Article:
Social Organization

Social Organization - 1 sodalities(age-sets associations...

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Social Organization Pastoralist societies must solve 2 interrelated problems: 1) articulate herds with their sustaining resources (nutritionally-adequate pasture, water), which requires mobility and intensive information-gathering 2) articulate management and utilization of herds by different members of society, which requires social mechanisms (division of labor, economic transactions, rules of transfer & inheritance, etc.) Resulting organization of labor and social institutions is complex and variable, but as a general rule can say that these represent a compromise , an attempt to balance 1) flexibility needed to manage herd movements, information-sharing, risk-pooling, and 2) formal institutions needed to control ownership & transfer of wealth (stock, any agricultural land, other wealth goods) as well as adjudicate conflicts Social mechanisms for achieving flexibility are varied, but usually include:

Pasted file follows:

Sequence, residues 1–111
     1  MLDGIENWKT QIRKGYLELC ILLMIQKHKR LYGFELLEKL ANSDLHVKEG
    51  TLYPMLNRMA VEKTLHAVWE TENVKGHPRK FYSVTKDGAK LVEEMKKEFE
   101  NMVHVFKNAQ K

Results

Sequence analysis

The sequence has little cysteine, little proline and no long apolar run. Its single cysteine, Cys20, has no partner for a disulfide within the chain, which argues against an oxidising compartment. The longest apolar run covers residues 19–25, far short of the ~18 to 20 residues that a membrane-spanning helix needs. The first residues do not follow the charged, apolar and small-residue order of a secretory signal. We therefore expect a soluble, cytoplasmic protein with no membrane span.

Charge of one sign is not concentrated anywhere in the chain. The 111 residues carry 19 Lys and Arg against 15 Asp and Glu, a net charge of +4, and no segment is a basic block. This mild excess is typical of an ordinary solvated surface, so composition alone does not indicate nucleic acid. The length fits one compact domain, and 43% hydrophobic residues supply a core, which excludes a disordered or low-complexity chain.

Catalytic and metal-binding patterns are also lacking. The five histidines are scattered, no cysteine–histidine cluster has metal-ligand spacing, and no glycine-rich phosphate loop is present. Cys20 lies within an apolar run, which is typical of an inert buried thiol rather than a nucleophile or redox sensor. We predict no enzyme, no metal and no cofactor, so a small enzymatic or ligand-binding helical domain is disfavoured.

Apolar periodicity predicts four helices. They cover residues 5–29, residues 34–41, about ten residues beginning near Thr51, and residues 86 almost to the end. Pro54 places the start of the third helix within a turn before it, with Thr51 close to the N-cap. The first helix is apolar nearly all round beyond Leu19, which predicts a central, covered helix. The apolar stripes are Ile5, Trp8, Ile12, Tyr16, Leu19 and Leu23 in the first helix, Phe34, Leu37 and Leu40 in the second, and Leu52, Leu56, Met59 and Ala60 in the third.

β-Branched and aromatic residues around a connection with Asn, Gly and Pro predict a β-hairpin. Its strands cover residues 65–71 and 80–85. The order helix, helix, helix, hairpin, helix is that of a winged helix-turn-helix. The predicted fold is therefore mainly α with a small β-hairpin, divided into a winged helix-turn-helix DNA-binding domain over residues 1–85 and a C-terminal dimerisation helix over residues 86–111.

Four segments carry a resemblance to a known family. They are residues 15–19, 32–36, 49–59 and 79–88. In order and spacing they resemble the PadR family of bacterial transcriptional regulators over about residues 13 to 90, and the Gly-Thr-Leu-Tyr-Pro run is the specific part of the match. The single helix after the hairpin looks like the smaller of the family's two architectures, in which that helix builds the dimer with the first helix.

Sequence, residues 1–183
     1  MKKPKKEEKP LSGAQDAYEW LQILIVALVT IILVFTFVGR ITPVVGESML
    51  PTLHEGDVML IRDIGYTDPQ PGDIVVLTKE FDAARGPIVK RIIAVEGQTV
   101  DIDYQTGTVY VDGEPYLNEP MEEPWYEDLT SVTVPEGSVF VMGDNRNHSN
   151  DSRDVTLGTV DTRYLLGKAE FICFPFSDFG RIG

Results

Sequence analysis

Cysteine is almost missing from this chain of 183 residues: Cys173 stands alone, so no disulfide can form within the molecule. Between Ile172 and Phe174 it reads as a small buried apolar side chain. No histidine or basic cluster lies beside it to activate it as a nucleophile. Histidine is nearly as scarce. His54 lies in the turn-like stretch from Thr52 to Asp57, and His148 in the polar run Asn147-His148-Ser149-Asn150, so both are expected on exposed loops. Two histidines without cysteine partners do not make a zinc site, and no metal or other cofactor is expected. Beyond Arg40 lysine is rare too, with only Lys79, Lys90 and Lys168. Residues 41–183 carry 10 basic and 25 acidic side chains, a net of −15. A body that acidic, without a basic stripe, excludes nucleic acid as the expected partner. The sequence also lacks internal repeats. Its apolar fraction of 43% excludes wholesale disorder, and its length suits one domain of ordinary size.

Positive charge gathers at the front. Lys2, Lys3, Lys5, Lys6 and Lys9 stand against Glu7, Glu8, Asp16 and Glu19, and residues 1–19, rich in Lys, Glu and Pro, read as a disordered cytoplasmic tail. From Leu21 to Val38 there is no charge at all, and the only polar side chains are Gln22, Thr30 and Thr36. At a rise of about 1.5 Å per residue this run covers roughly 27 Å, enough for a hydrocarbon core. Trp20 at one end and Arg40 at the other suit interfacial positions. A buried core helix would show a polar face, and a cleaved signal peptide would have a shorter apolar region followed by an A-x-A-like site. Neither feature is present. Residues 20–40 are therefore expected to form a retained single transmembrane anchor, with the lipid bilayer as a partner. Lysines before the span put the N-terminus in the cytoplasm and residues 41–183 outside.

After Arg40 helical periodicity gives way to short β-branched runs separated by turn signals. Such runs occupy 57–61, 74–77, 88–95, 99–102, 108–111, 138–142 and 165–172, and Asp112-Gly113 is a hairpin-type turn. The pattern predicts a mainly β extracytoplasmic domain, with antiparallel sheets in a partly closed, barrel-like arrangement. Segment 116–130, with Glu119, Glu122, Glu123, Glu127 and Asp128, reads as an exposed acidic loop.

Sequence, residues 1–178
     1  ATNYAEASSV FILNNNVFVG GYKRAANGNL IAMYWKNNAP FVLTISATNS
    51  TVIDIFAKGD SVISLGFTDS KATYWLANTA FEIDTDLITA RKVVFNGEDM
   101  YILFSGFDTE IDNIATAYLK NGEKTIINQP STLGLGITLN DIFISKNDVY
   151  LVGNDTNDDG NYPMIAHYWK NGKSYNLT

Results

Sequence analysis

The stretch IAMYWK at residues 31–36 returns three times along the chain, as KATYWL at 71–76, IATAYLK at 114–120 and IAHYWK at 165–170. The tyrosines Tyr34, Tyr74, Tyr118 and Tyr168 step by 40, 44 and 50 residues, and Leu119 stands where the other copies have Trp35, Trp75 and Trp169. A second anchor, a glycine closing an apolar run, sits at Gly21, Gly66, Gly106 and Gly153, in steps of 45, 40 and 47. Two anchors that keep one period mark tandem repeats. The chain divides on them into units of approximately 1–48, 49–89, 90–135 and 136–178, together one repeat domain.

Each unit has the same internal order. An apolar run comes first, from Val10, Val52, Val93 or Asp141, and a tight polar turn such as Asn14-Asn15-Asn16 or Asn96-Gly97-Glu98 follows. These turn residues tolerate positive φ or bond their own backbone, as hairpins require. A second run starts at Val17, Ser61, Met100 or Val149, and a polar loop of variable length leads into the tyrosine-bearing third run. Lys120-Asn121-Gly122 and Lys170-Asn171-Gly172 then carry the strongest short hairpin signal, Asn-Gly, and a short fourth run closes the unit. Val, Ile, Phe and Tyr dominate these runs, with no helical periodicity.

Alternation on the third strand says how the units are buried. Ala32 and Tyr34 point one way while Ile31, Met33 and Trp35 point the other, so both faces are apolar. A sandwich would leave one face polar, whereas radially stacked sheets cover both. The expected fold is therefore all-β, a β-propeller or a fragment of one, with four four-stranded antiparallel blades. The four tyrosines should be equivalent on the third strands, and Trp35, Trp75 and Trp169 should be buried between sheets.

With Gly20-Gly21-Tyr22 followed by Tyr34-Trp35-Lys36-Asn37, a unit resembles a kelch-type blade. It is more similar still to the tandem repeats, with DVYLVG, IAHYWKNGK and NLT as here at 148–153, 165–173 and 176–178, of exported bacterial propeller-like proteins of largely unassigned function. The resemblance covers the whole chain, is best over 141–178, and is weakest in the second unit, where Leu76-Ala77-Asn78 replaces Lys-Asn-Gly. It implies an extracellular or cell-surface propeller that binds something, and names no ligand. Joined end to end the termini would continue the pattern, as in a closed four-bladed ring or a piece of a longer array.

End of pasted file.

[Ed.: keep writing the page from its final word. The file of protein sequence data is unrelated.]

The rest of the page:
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Unformatted text preview: 1) sodalities (age-sets, associations, ritual groups, etc. which cross-cut kinship & residence units); 2) well-developed means of information-sharing (visiting networks, meeting places, festivals, etc.); 3) co-operative work units (e.g., "camp clusters" of E. African cattle herders -- temporary associations) Formal social institutions focus on inheritance (kinship/descent systems, usually patrilineal) and marriage (bride-price, transfer of stock between spouses, & between lineages, rules of marriage & residence) Combination of flexibility (to allow herd mobility, deal with unpredictable pasture resources) and formal systems of inheritance and alliance (to control use & transfer of stock) give pastoralist societies their special qualities (though of course each society has unique characteristics depending on local ecological & socioeconomic conditions)...
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This note was uploaded on 11/22/2011 for the course ANT ANT2000 taught by Professor Monicaoyola during the Fall '10 term at Broward College.

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